BOWLING GREEN Jerry Roy, MD, of Bowling Green, Kentucky, has served southwestern Kentucky practices for a few years. He is an interventional and structural cardiologist for the Graves-Gilbert Clinic, the Bowling Green Medical Center, and TriStar Greenview Regional Hospital.
The Chicago native started his medical education at Arizona State University Medical School, spent a couple years studying in the Caribbean, and finished his degree back home in Chicago.
It was during his residency at the University of West Virginia that he decided which patients he was meant to serve. Positioned in a state with some of the highest cardiovascular disease in the country, the university provided ample opportunities to learn the complexities of the practice.
Early in his critical care rotation, Roy witnessed his first patient’s heart attack. He describes the experience: “This patient was in crisis mode, suffering the most serious health risk of his life. I was astounded by the speed of treatment — within seconds to minutes, we had helped that person.”
The immediacy of cardiovascular care motivated him: “In medicine, results usually take time. Saving someone’s life so instantly like that made me decide to do this. After that moment, I entrenched myself in cardiology and never looked back.”
A Local Problem and Solution
When Roy started practicing in Bowling Green, he noticed that many of the critical-care patients were sent from local medical centers to Nashville or Louisville, only to be told that open-heart surgery was their only option.
Skeptical of this common medical advice, Roy aimed to bring more minimally invasive procedures for aortic stenosis patients — when and where they needed it. Consequently, he proposed treating dysfunctional aortic valves with a procedure called TAVR, or transaortic valve replacement.
Roy, with the help of local cardiologists, established the TAVR clinic at the Graves Gilbert Clinic (GGC) in 2016. They approached patient care cautiously – carefully screening each individual to ensure they were ideal candidates for the procedure and evaluating the risks.
What Is TAVR?
This minimally invasive surgical procedure repairs the valve without removing the old, damaged valve, usually on patients considered too fragile for open-heart surgery.
Instead, it wedges a replacement valve into the aortic valve’s place. Doctors may choose transfemoral, subclavian, transaortic, or transapical approaches, depending on anatomy and risk factors. Roy cites the most promising results from the transfemoral operations, where he makes the first incision in the leg.
Nearly 13 percent of adults aged 75 and older have some form of aortic stenosis. Roy says that calcium buildup within the valve causes the condition in older patients, perhaps exacerbated by earlier, usually undiagnosed, bicuspid valve degeneration.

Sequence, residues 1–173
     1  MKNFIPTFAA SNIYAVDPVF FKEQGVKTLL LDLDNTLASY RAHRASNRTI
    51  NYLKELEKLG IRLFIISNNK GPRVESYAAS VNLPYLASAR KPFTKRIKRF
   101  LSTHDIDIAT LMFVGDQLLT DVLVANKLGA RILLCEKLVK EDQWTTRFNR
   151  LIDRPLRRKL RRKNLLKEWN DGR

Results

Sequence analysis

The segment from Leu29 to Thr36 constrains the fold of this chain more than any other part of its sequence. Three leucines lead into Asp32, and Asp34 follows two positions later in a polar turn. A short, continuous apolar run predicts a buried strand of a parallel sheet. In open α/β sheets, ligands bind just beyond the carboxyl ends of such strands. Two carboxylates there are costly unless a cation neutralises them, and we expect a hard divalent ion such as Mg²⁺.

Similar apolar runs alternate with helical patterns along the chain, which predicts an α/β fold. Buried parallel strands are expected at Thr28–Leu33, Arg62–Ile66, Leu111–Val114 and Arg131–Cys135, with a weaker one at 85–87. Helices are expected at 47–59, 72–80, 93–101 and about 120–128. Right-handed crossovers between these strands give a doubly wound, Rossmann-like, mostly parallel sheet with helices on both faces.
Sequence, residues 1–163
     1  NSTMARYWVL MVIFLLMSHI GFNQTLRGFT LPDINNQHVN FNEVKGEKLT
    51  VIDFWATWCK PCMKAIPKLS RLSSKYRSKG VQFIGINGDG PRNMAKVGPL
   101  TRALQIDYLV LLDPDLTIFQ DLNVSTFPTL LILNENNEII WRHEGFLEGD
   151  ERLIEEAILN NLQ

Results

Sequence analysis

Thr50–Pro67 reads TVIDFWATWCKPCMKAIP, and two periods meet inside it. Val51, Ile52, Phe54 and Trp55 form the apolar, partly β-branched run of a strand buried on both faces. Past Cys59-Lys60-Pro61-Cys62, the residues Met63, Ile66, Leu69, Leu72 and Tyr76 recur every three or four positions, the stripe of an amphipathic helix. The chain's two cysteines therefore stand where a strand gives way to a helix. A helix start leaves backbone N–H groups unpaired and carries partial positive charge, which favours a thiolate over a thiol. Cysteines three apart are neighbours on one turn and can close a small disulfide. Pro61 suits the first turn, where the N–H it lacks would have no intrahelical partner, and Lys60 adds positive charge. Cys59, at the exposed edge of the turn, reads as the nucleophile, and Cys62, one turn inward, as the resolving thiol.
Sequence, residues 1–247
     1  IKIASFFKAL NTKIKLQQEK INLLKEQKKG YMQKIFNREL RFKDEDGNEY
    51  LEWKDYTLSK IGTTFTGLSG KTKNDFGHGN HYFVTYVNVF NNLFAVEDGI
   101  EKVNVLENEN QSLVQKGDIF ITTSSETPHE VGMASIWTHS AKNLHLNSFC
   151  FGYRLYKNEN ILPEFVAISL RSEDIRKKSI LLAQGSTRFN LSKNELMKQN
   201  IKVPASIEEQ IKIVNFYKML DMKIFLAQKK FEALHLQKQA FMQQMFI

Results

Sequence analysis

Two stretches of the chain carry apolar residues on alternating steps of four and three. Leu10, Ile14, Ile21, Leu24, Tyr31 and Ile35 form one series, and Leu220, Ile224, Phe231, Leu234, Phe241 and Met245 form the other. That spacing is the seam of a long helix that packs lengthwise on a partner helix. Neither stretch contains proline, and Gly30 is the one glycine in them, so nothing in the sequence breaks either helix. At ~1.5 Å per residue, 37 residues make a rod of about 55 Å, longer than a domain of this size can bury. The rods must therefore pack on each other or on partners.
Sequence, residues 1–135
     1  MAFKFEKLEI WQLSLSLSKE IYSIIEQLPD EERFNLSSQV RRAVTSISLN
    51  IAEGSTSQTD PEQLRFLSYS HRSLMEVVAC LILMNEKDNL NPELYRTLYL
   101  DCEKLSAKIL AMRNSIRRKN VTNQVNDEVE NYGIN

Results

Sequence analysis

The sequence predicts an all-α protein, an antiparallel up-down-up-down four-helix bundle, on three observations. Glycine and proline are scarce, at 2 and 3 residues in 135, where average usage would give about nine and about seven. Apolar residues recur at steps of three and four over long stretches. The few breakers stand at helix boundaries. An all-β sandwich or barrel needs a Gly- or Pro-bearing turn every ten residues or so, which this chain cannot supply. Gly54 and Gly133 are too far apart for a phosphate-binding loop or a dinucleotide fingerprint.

Consequently, the geriatric and structural nature of the disease prompts doctors like Roy to treat patients as close to the onset of the disease as possible, shifting the preferred treatment age back by at least 20 years.
A Promising Procedure
Almost three years have passed since the TAVR program’s inception at GGC. Roy and his team are celebrating overwhelming success. Patients come in for a minimally invasive, outpatient procedure and leave the clinic within two or three days — not a week as with open-heart surgeries.
At first, only high-risk patients received the procedure, patients who were too fragile for surgery. With the successful prognosis of those patients came FDA permissions to widen their reach: The program was unanimously approved to expand to a broader population.
Now, the clinic is performing the same procedure on intermediate risk patients and hopes to serve the low-risk patient base next year. This new influx could include a middle-aged group hoping to prevent a host of future cardiovascular problems.
Roy adds, “In Germany, they perform more of these procedures than open-heart surgeries. I envision this becoming the US norm within the decade.”
Patient Challenges and Opportunities
Roy explains that the most challenging patients to treat have suffered long-untreated symptoms of diseased valves. Due to congestive heart failure and comorbid valve conditions, the valve’s structure can change, complicating surgery.
He references patients with severe cases and early diagnoses as the choice candidates for the TAVR procedure. Due to the ubiquity of obesity, the clinic doesn’t think it poses a significant challenge during the operation.
So far, patient feedback has been overwhelmingly positive. Patients rejoin their families in a couple days and feel improvement almost immediately, usually through greater energy and deeper breathing. The same instant gratification that motivates Roy ignites patient enthusiasm post-operation. And, in his words, their joy “spreads like wildfire.”
Roy notes how well the small city has adapted to innovative medicine: “With this TAVR clinic collaboration, Warren County is moving toward more minimally invasive, high-tech procedures.”
Due largely to the work of his clinic, Graves-Gilbert’s stroke and vascular programs compete with the most reputable medical centers in the country. Roy owes this success to the team’s collaboration and attention to detail: “There are very few times in medicine when we implement a team approach. When this clinic came to life, it was the first time I’d witnessed a few doctors in one room, all devoted to one patient.”
He adds, “Our continued growth speaks to our meticulous care we give each individual. We are all careful proceduralists, thinking through each complication before, during, and after operations. Each patient has a skilled heart team dedicated to their best result.”